argument is a pointer to an interface index  (see  netdevice(7))
              in an integer.

              Control  whether  the  socket sees multicast packets that it has
              send itself.  Argument is a pointer to boolean.

              Set delivery of the IPV6_PKTINFO  control  message  on  incoming
              datagrams.   Only  allowed  for  SOCK_DGRAM or SOCK_RAW sockets.
              Argument is a pointer to a boolean value in an integer.

              Set  delivery  of  control  messages  for   incoming   datagrams
              containing   extension   headers   from   the  received  packet.
              IPV6_RTHDR delivers the routing  header,  IPV6_AUTHHDR  delivers
              the authentication header, IPV6_DSTOPTS delivers the destination
              options, IPV6_HOPOPTS delivers the  hop  options,  IPV6_FLOWINFO
              delivers  an  integer  containing  the  flow  ID,  IPV6_HOPLIMIT
              delivers an integer containing the hop count of the packet.  The
              control  messages  have the same type as the socket option.  All
              these header options can also be set  for  outgoing  packets  by
              putting  the appropriate control message into the control buffer
              of sendmsg(2).  Only allowed for SOCK_DGRAM or SOCK_RAW sockets.
              Argument is a pointer to a boolean value.

              Control receiving of asynchronous error options.  See IP_RECVERR
              in ip(7) for details.  Argument is a pointer to boolean.

              Pass forwarded packets  containing  a  router  alert  hop-by-hop
              option  to this socket.  Only allowed for SOCK_RAW sockets.  The
              tapped packets are not forwarded by the kernel, it is the user’s
              responsibility to send them out again.  Argument is a pointer to
              an integer.  A positive integer indicates a router alert  option
              value to intercept.  Packets carrying a router alert option with
              a value field containing this integer will be delivered  to  the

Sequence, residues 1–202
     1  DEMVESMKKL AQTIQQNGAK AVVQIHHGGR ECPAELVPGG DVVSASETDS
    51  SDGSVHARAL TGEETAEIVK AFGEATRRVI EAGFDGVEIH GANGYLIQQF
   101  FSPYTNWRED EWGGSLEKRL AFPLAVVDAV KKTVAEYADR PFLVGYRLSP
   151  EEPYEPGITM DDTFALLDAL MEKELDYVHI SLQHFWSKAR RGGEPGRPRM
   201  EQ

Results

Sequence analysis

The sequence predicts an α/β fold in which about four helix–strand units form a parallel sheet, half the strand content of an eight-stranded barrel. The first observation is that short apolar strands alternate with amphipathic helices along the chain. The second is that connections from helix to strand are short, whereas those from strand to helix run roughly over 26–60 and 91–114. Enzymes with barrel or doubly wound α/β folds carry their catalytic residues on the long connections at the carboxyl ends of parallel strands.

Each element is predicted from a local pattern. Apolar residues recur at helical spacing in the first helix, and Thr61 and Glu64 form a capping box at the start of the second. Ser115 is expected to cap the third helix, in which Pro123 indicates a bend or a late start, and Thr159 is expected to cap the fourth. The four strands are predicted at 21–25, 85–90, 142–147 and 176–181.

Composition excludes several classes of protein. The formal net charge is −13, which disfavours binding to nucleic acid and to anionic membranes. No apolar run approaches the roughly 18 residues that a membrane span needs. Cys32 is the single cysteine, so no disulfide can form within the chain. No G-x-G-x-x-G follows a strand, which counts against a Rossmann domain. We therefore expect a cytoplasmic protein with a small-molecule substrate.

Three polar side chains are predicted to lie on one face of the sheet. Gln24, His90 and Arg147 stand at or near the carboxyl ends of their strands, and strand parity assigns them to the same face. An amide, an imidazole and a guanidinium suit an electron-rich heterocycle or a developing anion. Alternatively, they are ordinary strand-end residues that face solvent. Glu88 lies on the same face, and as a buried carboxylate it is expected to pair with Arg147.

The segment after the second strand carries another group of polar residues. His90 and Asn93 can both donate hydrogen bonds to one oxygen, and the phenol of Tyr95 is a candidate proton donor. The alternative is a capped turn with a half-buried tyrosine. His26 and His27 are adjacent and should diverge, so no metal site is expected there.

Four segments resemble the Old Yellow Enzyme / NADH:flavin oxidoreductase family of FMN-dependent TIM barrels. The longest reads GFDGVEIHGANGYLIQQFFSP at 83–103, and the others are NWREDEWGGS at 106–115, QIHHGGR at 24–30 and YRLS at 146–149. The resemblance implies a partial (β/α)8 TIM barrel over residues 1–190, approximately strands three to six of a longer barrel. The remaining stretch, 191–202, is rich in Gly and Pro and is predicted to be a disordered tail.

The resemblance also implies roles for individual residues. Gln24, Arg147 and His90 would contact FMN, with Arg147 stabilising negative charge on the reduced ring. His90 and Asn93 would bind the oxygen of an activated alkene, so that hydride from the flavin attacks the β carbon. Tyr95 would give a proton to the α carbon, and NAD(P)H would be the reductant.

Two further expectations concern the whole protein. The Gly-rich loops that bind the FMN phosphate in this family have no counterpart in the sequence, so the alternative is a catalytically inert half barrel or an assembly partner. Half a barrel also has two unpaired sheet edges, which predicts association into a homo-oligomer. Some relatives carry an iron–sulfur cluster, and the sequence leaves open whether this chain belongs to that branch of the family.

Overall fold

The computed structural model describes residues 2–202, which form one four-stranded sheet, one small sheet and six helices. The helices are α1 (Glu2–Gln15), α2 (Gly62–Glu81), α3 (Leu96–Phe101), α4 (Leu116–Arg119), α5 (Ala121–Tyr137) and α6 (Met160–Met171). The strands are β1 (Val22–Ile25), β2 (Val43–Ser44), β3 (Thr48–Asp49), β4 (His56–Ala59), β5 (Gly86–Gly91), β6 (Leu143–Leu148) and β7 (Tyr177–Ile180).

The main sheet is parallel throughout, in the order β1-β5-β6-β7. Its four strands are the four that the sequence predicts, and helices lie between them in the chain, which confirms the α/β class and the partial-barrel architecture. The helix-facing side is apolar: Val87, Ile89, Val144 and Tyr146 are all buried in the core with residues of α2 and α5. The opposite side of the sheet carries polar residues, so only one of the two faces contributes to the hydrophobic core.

socket.   A  negative  integer disables delivery of packets with
              router alert options to this socket.

              Set the unicast hop limit for the socket.  Argument is a pointer
              to  an  integer.   -1  in the value means use the route default,
              otherwise it should be between 0 and 255.

       IPV6_V6ONLY (since Linux 2.4.21 and 2.6)
              If this flag is set  to  true  (nonzero),  then  the  socket  is
              restricted  to sending and receiving IPv6 packets only.  In this
              case, an IPv4 and an IPv6 application can bind to a single  port
              at the same time.

              If this flag is set to false (zero), then the socket can be used
              to send and receive packets to and from an IPv6  address  or  an
              IPv4-mapped IPv6 address.

              The argument is a pointer to a boolean value in an integer.

              The  default  value  for this flag is defined by the contents of
              the file /proc/sys/net/ipv6/bindv6only.  The default  value  for
              that file is 0 (false).


       The older libinet6 libc5 based IPv6 API implementation for Linux is not
       described here and may vary in details.

       Linux 2.4 will break binary  compatibility  for  the  sockaddr_in6  for
       64-bit  hosts  by  changing  the  alignment  of  in6_addr and adding an
       additional sin6_scope_id field.  The kernel interfaces stay compatible,
       but  a program including sockaddr_in6 or in6_addr into other structures
       may not be.  This is not a problem for 32-bit hosts like i386.

       The sin6_flowinfo field is new  in  Linux  2.4.   It  is  transparently
       passed/read  by  the kernel when the passed address length contains it.
       Some programs that pass a longer address  buffer  and  then  check  the
       outgoing address length may break.


       The  sockaddr_in6  structure  is  bigger  than  the  generic  sockaddr.
       Programs that assume that all address types can be stored safely  in  a
       struct  sockaddr  need to be changed to use struct sockaddr_storage for
       that instead.


       The  IPv6  extended  API  as  in  RFC 2292  is  currently  only  partly
       implemented;  although  the  2.2  kernel  has near complete support for
       receiving options, the macros for generating IPv6 options  are  missing
       in glibc 2.1.

       IPSec support for EH and AH headers is missing.

       Flow label management is not complete and not documented here.

       This man page is not complete.


       cmsg(3), ip(7)

       RFC 2553: IPv6 BASIC API.  Linux tries to be compliant to this.

       RFC 2460: IPv6 specification.


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       description of the project, and information about reporting  bugs,  can
       be found at